Monday, August 20, 2007
From Shirtsleeves to Shirtsleeves....
David Veksler points to a Wall Street Journal blog by Robert Frank that asks whether being born into money is necessarily an advantage, echoing an old American saying I believe I first heard in a lecture by Leonard Peikoff, "From shirtsleeves to shirtsleeves in three generations."
What if growing up rich actually has disadvantages? And what if rich kids' penchant for spending -- and their lack of experience at earning -- catches up with them, and that unlimited ATM machine winds up empty? (Not to feel sorry for these people, just to point out a reality.)Frank has a crucial point, but, the last three sentences of the above and this, from his recent column on the same subject, make me think he would do very well apply it more widely, starting with himself:
Eventually, I argue, their money will run out. And much of the inherited wealth in America will flow back to people who actually earn it.... [bold added]
When I got to the Skills Retreat, I thought it would confirm my worst fears about growing inequality. Here was a camp designed specifically to help rich kids get richer (or at least, keep them from getting poorer). It was yet another way for the children of wealth to get a leg up on members of the middle class, who can't afford financial education camps and won't have big inheritances to carry them through life.Yes. Possessing wealth requires certain skills, but if these skills need to be learned, they also cannot be exercised without freedom. Given that the predominant ideas of a people will affect the type of government that they have, I find it alarming that a writer on finance seems to believe that wealth is some sort of static quantity that "the rich" are hoarding to the detriment of everyone else and sounds so sympathetic to the notion that we ought to "do something" about income inequality.
It is worth noting that Alex Epstein of the Ayn Rand Institute recently examined and found wanting the whole idea that income inequality is bad:
It is often implied that the rich get richer at the expense of everyone else--that if some get big slices of pie, the rest get only crumbs. But the exact opposite is true. Since wealth (including pie) is created, there is no limit to how much can exist--and the wealth of others cannot inhibit us from creating and enjoying our own. Further, the wealth creation of the richest Americans makes us far more productive and well-off.With intellectuals like Robert Frank fanning fear of an outcome inherent to capitalism, the very system that made America wealthy, it would seem that the same fate that befalls families that fail to teach their children survival skills can befall the world's richest nation.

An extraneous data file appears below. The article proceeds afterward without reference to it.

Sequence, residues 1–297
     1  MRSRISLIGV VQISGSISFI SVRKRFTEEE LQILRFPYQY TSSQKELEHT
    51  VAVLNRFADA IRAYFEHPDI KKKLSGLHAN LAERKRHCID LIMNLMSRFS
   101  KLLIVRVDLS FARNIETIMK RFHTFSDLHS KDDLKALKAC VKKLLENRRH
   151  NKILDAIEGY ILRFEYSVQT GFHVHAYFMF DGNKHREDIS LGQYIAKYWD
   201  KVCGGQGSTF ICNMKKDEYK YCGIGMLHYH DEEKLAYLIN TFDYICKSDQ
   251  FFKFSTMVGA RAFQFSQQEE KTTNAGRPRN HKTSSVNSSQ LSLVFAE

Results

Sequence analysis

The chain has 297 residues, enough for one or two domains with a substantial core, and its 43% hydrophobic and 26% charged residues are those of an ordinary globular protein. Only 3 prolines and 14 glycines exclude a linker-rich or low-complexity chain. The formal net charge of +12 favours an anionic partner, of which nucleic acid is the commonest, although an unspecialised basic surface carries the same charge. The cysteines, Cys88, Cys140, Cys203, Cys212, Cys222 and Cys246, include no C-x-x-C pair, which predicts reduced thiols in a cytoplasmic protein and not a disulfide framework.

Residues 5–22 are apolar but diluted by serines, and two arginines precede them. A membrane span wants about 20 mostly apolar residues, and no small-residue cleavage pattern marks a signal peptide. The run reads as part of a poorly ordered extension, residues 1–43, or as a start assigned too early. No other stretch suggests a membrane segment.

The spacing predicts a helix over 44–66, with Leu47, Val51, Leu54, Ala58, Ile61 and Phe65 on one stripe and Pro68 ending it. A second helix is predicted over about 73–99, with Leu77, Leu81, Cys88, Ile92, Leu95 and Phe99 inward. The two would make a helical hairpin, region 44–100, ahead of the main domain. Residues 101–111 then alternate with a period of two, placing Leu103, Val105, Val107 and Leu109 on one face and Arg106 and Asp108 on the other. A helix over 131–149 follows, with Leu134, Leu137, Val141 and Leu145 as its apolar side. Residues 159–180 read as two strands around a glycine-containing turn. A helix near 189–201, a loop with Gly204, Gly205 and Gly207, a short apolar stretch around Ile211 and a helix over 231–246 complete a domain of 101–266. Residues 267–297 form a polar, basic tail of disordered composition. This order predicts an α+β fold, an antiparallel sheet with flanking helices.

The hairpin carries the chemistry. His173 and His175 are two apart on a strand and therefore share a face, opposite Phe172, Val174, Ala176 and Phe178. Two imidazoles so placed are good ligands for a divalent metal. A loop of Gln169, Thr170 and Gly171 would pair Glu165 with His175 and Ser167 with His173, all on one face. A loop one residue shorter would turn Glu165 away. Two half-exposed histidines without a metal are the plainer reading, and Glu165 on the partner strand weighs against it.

The fact that the maintenance of "income inequality" across generations requires knowledge about how one earns and protects money is nothing to be smug about. It's something to learn as much as possible from.
Book Burning without the Carbon Footprint
Andrew Dalton has unearthed the Left's version of book burning -- "guerrilla bookshelving" -- and correctly notes that it is a confession of anti-intellectualism:
These sorts of guerrilla tactics represent the elevation of raw, disruptive action over the battle of ideas -- a legacy of the 1960s New Left. They are fundamentally an anti-intellectual phenomenon, even if their purpose in this case happens to be the defense of science against faith.He also notes that the practice of reshelving books violates the property rights of the store owner.
Reisman on the Credit Crunch
My executive summary, upon hearing that the fed was loosening credit over the weekend was,
Great! The government has caused a financial crisis by making it too easy to borrow money, and now it's going to solve it by ... making it too easy to borrow money.Economist George Reisman provides all the gory details -- but ends with an interesting possible way out. (HT: Myrhaf)
An American-Made Leash
Diana Hsieh notes that an American company is helping a totalitarian regime keep track of people and how this can easily harm American freedom:
[H]ow long before Tom Tancredo and company impose such measures on American citizens and legal residents in order to prevent illegal aliens from access to the "goods" of American life--not just government benefits, but also honestly-sought jobs, schooling, medical care, consumer goods, and the like?This will be done first as an "anti-terrorism" measure since so many Republicans "know"that an American garrison state is better than a defeated and prostrate Ummah.